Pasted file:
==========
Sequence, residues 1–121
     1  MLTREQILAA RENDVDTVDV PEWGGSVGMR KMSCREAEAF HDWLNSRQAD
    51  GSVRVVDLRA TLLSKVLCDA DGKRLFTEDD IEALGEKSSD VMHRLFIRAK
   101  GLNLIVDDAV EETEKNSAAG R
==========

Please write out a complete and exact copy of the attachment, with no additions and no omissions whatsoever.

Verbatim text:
Sequence, residues 1–121
     1  MLTREQILAA RENDVDTVDV PEWGGSVGMR KMSCREAEAF HDWLNSRQAD
    51  GSVRVVDLRA TLLSKVLCDA DGKRLFTEDD IEALGEKSSD VMHRLFIRAK
   101  GLNLIVDDAV EETEKNSAAG R